W.Va. farm bureaus fight new EPA water rules

Journal photo by Ron Agnir Jimmy Jones, a 79-year-old retired farmer, shares his frustration with the EPA at a Farm Bureau meeting attended by over 100 concerned citizens Monday evening in Martinsburg.
Journal photo by Ron Agnir Jimmy Jones, a 79-year-old retired farmer, shares his frustration with the EPA at a Farm Bureau meeting attended by over 100 concerned citizens Monday evening in Martinsburg.
Journal photo by Ron Agnir
Jimmy Jones, a 79-year-old retired farmer, shares his frustration with the EPA at a Farm Bureau meeting attended by over 100 concerned citizens Monday evening in Martinsburg.

MARTINSBURG, W.Va. — It was practically a unanimous consensus of those attending a meeting of the Farm Bureaus of Berkeley, Jefferson and Morgan counties Monday evening that the U.S. Environmental Protection Agency has overstepped its authority with a new definition of Waters of the United States.

“There’s no common sense and it’s unfair – we need to ditch the EPA,” retired Berkeley County dairy farmer Jimmy Jones said.

“Ditch the Rule” is the theme of the American Farm Bureau’s, West Virginia Farm Bureau’s and local farm bureaus’ fight against the new EPA rule.

The new definition, which the U.S. Corps of Engineers helped to write, would classify nearly every flowing, standing and ponding body of water as a Water of the United States, or WOTUS, according to Stephen Butler, administrator of the West Virginia Farm Bureau. The new definition would add farm ponds, residential stormwater runoff ditches, wet-weather ephemeral streams, rainwater standing in fields and other bodies of water to the WOTUS list, he said.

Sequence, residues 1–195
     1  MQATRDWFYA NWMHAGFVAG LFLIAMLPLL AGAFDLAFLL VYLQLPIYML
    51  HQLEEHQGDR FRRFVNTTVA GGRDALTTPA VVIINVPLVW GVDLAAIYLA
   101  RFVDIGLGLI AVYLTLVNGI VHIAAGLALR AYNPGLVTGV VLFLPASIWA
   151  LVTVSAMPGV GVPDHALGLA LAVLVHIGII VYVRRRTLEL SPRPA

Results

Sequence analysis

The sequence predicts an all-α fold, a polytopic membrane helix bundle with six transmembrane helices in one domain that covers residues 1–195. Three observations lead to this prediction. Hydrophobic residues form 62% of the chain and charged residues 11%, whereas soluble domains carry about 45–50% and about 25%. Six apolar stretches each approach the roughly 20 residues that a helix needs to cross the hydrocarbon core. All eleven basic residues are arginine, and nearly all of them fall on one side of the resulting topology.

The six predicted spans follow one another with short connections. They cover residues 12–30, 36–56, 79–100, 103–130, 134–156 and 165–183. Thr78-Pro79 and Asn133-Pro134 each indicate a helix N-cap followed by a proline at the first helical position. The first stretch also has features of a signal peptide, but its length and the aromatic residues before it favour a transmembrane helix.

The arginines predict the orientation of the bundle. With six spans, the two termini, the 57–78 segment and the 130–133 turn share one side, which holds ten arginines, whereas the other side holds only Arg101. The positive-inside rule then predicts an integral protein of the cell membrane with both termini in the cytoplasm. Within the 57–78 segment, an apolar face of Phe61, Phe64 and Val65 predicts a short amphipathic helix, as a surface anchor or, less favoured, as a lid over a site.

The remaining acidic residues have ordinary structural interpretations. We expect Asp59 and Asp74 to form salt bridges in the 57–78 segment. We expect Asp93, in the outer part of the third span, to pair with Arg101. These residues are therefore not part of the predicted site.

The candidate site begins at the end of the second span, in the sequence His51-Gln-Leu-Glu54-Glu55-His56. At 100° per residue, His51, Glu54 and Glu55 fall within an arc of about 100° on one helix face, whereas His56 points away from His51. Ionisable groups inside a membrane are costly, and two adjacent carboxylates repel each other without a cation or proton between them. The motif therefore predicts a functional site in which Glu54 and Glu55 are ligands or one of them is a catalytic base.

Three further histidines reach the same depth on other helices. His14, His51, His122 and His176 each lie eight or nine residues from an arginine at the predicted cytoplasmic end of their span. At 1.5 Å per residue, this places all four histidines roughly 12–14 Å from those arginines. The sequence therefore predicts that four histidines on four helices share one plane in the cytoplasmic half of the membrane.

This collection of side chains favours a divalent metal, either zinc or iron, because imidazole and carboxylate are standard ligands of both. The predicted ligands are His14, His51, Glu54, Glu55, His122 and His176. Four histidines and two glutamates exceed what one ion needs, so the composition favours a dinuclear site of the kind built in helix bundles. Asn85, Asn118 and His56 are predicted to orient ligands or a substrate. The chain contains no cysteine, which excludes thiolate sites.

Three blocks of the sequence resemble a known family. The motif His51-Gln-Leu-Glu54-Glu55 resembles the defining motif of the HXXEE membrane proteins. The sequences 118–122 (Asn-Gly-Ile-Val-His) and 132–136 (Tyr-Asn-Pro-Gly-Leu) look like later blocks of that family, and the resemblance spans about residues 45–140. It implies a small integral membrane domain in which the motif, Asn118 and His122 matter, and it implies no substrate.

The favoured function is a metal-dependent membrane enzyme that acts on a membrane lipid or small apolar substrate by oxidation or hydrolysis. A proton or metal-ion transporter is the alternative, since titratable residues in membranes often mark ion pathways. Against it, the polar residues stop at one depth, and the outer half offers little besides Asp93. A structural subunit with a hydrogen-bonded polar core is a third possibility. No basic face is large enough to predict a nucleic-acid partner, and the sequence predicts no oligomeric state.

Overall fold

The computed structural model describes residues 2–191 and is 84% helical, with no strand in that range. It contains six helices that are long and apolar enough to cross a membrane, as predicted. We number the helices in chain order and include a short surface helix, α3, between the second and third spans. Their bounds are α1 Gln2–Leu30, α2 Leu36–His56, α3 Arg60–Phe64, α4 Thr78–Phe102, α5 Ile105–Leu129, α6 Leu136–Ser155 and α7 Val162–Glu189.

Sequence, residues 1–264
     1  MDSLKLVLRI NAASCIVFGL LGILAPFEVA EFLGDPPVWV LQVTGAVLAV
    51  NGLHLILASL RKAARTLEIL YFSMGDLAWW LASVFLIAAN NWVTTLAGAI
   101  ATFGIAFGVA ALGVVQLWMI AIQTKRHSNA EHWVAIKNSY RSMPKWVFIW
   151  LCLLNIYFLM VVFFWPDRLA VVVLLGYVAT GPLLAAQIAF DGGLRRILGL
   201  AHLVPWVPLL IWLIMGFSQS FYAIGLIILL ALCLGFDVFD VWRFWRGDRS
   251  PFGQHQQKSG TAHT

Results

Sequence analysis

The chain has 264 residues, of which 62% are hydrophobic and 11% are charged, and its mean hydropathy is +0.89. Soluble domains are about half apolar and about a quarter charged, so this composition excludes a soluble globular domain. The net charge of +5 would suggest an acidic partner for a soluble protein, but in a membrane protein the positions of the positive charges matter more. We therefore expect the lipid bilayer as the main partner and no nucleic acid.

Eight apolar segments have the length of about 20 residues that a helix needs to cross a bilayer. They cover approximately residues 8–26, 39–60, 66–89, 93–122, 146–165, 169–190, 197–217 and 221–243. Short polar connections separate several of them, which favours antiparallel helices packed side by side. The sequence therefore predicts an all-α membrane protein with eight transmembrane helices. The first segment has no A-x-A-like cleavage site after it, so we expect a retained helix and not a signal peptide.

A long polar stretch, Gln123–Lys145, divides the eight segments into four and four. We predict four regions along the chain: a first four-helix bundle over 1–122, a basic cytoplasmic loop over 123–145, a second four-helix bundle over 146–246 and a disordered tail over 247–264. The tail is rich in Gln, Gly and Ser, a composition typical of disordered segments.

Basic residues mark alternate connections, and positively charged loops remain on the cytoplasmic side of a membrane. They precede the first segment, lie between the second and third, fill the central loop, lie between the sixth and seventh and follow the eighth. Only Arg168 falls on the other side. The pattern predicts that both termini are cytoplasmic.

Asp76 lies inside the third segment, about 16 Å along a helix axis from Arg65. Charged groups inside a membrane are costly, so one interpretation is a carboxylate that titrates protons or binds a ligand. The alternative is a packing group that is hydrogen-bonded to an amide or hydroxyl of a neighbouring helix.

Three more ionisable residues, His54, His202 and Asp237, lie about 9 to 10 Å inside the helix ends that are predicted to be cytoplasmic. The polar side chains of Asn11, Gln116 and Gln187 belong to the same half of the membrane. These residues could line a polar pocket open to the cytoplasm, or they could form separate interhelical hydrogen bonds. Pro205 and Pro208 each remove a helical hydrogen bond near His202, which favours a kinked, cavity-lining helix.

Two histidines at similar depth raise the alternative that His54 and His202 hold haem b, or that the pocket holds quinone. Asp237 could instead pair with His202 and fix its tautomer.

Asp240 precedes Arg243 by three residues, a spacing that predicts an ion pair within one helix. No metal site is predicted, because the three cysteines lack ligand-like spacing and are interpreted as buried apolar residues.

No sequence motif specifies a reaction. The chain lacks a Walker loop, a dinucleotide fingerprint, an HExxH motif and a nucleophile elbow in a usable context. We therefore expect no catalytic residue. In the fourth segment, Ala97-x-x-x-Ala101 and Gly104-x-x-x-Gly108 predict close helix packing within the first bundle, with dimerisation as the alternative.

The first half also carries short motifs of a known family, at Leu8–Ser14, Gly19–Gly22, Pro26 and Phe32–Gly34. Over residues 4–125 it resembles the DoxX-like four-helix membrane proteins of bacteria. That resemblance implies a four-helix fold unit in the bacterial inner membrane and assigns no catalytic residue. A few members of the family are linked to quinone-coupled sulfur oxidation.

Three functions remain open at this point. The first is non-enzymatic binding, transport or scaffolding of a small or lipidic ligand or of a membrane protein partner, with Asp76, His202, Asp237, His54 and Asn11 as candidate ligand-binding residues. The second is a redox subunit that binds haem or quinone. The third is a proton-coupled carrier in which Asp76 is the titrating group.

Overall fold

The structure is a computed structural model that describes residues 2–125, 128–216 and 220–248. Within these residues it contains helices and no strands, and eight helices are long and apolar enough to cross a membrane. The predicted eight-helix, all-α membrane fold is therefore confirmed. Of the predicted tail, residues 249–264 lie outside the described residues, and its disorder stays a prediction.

“Tributaries, anything with flow, would be included with no consideration for frequency, duration or continuity,” Butler said. “Adjacent waters to flood plains, but it doesn’t say if it’s the 200-year flood plain or the 500-year flood plain. And other waters, which means anywhere waters are connected.”

The West Virginia Farm Bureau is conducting rallies across the state to urge people to comment on the rules; to write their congressional representatives, opposing the new definition; to write letters to the editor of the local newspaper; and to talk to friends, neighbors and community groups to join the fight.

More than 100 people attended the gathering at the Berkeley County Youth Fairgrounds to hear the presentation, ask questions and make comments. The issue elicited emotional responses from several members of the audience.

“We’re all concerned about runoff from our fields,” Greg Butler, co-owner of Butler Farm Market, said after the meeting. “We were named conservation farmers of the year, but this makes it so hard to farm. There’s no common sense. These are ridiculous regulations.”

He said as much as 50 percent of his family-farm’s 400 acres could be affected by the new definition…

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